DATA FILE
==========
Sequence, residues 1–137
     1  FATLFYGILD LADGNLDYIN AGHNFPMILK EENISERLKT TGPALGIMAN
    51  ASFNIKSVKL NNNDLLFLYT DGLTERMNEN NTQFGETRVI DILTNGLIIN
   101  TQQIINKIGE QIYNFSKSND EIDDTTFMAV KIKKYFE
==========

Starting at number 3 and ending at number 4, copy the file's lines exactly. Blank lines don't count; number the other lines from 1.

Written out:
    51  ASFNIKSVKL NNNDLLFLYT DGLTERMNEN NTQFGETRVI DILTNGLIIN
   101  TQQIINKIGE QIYNFSKSND EIDDTTFMAV KIKKYFE